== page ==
Discover the importance of intelligence-led investigations in combating illegal wildlife trafficking and protecting our oceans.

 

What is the Illegal Wildlife Trade?

The illegal wildlife trade affects over 4,000 species [i] and is estimated to be worth a staggering $23 billion per annum [ii]. It is often overlooked by law enforcement organisations, who tend to focus on more high-profile crime such as drug trafficking and people smuggling.

However, the illegal wildlife trade is not just an environmental issue; it often goes hand in hand with other more serious organised crimes such as money laundering, narcotics, and human trafficking.

Ultimately these types of crimes are about facilitating the transport of proscribed substances and as such the infrastructure and methodology are complimentary. Currently, the illegal wildlife trade is considered by criminals as high-value and low-risk, as repercussions for being caught are low compared to narcotics for instance.

Threats to Ocean Species and Ecosystems

Ocean species are particularly vulnerable to the illegal wildlife trade, as they are a coveted ingredient in a range of dishes and traditional medicine, and for being kept as exotic pets.

Ocean ecosystems are interconnected and removing too much of any one species can have a knock-on effect on many other species. The fishing methods utilised are often destructive, particularly when there is a disproportionate effort to target a particular species [iii].

Using Intelligence to Disrupt Illegal Wildlife Trafficking Chains - Prevail Partners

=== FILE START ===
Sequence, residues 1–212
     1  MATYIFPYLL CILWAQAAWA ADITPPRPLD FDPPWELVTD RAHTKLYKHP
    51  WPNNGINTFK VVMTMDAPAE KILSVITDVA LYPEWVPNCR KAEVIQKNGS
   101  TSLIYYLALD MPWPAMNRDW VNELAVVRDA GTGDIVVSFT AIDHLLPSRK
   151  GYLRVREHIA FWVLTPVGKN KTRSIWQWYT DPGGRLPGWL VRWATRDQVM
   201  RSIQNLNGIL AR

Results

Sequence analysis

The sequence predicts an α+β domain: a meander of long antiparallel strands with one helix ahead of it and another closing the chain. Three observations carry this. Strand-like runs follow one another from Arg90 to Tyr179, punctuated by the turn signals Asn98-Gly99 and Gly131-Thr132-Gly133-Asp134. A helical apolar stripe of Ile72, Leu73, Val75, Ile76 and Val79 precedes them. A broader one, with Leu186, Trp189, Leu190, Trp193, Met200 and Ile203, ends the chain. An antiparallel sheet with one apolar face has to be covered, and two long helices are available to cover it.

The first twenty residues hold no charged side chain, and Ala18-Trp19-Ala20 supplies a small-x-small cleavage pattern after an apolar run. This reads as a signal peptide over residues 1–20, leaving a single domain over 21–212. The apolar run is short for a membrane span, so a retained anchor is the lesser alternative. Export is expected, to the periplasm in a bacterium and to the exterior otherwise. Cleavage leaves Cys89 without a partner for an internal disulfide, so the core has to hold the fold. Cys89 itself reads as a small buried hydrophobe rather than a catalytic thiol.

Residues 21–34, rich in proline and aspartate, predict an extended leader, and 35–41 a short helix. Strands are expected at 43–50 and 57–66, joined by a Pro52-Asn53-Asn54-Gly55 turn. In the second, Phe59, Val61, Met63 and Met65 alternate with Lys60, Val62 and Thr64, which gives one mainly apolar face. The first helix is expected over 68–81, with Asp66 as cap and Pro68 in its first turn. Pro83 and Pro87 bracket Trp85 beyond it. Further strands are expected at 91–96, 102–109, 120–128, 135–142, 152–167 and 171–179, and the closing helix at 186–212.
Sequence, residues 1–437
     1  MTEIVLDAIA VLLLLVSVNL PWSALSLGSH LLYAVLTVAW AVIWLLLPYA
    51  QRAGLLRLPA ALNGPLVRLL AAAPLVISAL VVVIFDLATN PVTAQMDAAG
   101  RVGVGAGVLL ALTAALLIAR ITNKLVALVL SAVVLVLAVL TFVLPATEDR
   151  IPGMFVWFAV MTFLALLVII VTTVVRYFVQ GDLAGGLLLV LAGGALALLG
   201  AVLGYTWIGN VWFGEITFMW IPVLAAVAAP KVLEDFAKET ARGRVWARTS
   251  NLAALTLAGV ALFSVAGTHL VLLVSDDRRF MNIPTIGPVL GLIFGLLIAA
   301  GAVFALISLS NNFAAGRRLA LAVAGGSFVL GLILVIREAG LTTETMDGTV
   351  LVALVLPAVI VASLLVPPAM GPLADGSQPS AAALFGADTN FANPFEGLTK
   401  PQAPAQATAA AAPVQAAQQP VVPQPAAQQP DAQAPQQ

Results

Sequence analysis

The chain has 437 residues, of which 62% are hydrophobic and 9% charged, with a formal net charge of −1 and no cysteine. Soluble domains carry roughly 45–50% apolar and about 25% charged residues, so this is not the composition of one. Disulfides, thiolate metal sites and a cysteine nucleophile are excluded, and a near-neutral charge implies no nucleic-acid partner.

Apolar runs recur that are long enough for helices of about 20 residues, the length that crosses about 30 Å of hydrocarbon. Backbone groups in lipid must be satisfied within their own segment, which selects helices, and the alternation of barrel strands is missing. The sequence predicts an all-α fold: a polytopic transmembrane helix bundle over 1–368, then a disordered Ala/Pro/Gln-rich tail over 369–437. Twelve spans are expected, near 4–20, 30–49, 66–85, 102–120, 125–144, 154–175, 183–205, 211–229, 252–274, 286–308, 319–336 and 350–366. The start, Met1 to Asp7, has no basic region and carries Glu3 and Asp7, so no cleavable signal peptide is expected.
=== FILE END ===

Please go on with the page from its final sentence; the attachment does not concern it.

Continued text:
In order to combat the illegal wildlife trade, it is necessary to: stop poaching, stop trafficking, stop buying, and strengthen policy [iv].

Public Private Partnerships (PPP) are lauded for taking on the identification and prevention of the illegal wildlife trade. Prevail Partners have successfully worked with a range of Non-Governmental Organisations (NGOs) and prosecutors to aid with the understanding, identification, and mapping of illegal wildlife trafficking networks.

Insights of this nature can be used to monitor the activities of active networks, influence changes to legislation and policies to prevent the trade, and facilitate the successful arrests and prosecution of criminals involved; ultimately reducing the devastating impact of these crimes.

How Do We Map An Illegal Wildlife Trafficking Network?

When dealing with illegal wildlife trafficking, a holistic, multi-source approach is taken when mapping an organised criminal network. Information is corroborated and analysed to ensure accuracy and reliability.

Analyst experience from past investigations aids with contextualisation, understanding, and the identification of red flags that are linked to an increased likelihood of illegal wildlife trafficking occurring. For example, illegal wildlife trafficking often occurs alongside legitimate business, and certain industries have been identified as more likely to be involved, particularly those with high turnover of product and cash in hand sales e.g. import-export businesses, restaurants, pharmacies, breeding or conservational facilities (especially if they are involved in breeding CITES listed animals).

Using Intelligence to Disrupt Illegal Wildlife Trafficking Chains - Geospatial Methodology Graphic - Prevail Partners

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Case Study: Illegal fishing

Using Intelligence to Disrupt Illegal Wildlife Trafficking Chains - Prevail Partners